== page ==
2 Ways to Stake Tomatoes
There are many ways to stake tomato plants. I have used most of them. At this point I have 2 favorite ways to stake tomatoes and a couple ways I will never try again. Ugh.
I have tomatoes growing in 2 different places on our farm at this moment.
Because I’m a disaster and inconsistent and haphazard (which drives my mom and DH crazy) I opted for 2 different methods to tie up my tomatoes. I also didn’t have enough cages (my preferred method) for all the tomatoes, so I had to get about 20 tomato plants off the ground without any cages.
If your tomatoes are draping along the garden floor and you have been dreading staking them up – I am going to make this sooooo easy for you.
2 Ways to Stake Tomatoes
METHOD 1 FOR STAKING TOMATOES
THE FLORIDA WEAVE
- How it’s done – Each tomato plant has a tobacco stake hammered into the ground next to it. Using garden twine, just start at the end of the row & wrap the twine around each stake as you go. Travel down one side of all the tomato plants. Once you reach the end of the row, tie a knot and then begin going back up the same row this time on the opposite side of the tomato plants, wrapping the twine around every stake as you go. Add additional twine up and down the rows higher on the stakes as the tomato plants grow. It’s amazing how well this stabilizes and holds the tomato plants up.
- Ease – This is by far the easiest way to tie up dozens and dozens of tomato plants. If you have an acre of tomatoes this is the way to go.
- Cost – Around here (this is Kentucky & lots of tobacco grows around these parts) used tobacco stakes are free. Twine is almost free, so The Florida Weave is easy on the budget.
- Time – I can tie up 20 tomato plants with this method in a few mintues. Super fast.
- Problems –
- Falling over: if your tobacco stakes are not far enough in the ground, or happen to break because of the weight of the tomatoes you can have problems. If one of the plants falls over it can create a domino effect. Be sure to get those stakes in the ground well.
- Not high enough: this is my biggest complaint. Tomato plants are wonderful in that, no matter how horrible the bottom of the plants may appear, they are constantly growing and shooting forth new green blossoming branches on the top of the plant. Once the plant reaches the top of the stakes, there’s nowhere for the plant to go but down. Literally. My plants grow up, up, up and reach the top of the weave and then start the descend down to the ground.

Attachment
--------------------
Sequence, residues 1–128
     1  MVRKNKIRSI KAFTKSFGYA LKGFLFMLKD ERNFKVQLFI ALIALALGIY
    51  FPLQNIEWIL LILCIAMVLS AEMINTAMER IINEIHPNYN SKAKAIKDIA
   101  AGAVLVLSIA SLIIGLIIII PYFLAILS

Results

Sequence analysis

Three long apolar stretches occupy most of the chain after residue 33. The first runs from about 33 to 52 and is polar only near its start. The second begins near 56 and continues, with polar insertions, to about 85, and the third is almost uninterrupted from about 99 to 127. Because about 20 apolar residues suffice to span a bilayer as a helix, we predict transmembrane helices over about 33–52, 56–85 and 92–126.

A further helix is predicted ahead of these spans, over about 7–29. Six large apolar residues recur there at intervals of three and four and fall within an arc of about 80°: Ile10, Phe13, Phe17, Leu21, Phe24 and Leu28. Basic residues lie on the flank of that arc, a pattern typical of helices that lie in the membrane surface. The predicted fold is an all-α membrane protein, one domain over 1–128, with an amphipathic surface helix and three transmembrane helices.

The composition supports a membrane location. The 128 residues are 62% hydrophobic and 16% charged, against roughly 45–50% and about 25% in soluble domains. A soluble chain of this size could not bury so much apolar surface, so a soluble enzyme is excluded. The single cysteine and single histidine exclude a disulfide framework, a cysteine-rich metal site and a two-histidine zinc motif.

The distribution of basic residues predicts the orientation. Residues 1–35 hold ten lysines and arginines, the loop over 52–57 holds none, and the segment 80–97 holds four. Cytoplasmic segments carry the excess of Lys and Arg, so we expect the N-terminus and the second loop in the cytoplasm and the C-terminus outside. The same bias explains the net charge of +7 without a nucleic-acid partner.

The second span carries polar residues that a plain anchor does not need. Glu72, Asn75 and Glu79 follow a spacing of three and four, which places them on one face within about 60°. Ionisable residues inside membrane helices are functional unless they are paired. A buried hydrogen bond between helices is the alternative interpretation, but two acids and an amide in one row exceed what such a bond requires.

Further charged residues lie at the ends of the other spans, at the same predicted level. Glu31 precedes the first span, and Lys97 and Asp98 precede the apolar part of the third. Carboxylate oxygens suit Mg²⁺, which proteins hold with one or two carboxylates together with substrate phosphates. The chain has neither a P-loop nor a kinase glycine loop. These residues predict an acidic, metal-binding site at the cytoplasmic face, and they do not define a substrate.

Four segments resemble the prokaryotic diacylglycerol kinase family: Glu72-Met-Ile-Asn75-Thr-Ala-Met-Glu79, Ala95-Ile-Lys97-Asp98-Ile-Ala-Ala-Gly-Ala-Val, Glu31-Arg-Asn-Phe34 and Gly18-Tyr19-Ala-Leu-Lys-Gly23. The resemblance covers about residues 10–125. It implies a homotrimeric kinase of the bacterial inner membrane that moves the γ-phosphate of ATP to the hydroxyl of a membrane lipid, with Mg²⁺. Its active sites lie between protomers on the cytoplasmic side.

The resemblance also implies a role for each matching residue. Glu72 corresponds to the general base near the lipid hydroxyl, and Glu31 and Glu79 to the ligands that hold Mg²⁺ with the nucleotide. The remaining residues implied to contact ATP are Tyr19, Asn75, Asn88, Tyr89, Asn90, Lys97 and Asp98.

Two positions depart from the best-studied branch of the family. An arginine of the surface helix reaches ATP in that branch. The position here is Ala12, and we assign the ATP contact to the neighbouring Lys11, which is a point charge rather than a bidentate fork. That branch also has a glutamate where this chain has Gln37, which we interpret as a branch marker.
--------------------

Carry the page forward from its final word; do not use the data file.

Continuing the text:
- Disease: To use this method the plants must be pretty close together. If they are too far apart, the whole system won’t work. When tomato plants are grown closer there is less air flow & the potential for disease to spread more easily.
METHOD 2 FOR STAKING TOMATOES
STICK A CAGE AROUND IT AND ANCHOR IT
- How it’s done – This is what most home gardeners use. You can buy tomato cages at a store, or make them yourself out of some simple farm fencing. Tomato cages are just round cages that are typically smaller at the bottom and larger at the top. The base of the cage has prongs for you to stick in the ground. In addition to the cage, we always add a tobacco stake. I weave the stake through some of the wiring (in the cage) to stabilize it. Then I bang the stake far into the ground with a mallet.
- Ease – If you are making your own cages there is nothing easy about it. Huge pain. If you want to hand Lowes your paycheck – they will provide the cages for you. Much easier.
- Cost – If you use farm fencing & slice your hands up in 58 places making the cages yourself they will be practically free. If you buy them – it’s gonna cost you. Especially if you have 40 tomato plants.
- Time – Yes, this takes a few hours. If you make the cages yourself it’s gonna take a few days. I’m dealing with 40+ plants, so I spent most of an afternoon caging, staking and wrangling my tomato plants. By the time I made it to the end of the last row I didn’t know what my name was.
- Problems – If you need to buy more than a few cages this technique can get expensive. Building, placing and grounding cages is time consuming.
I think using cages is the best way to stabilize tomato plants. Especially if you have less than 20 plants. It promotes a lot of air circulation because the spacing can be wider. It provides tons of support for each plant. The plants are staked individually, so if one falls over, the rest aren’t effected.
There you have it! My 2 favorite methods. Stake away!
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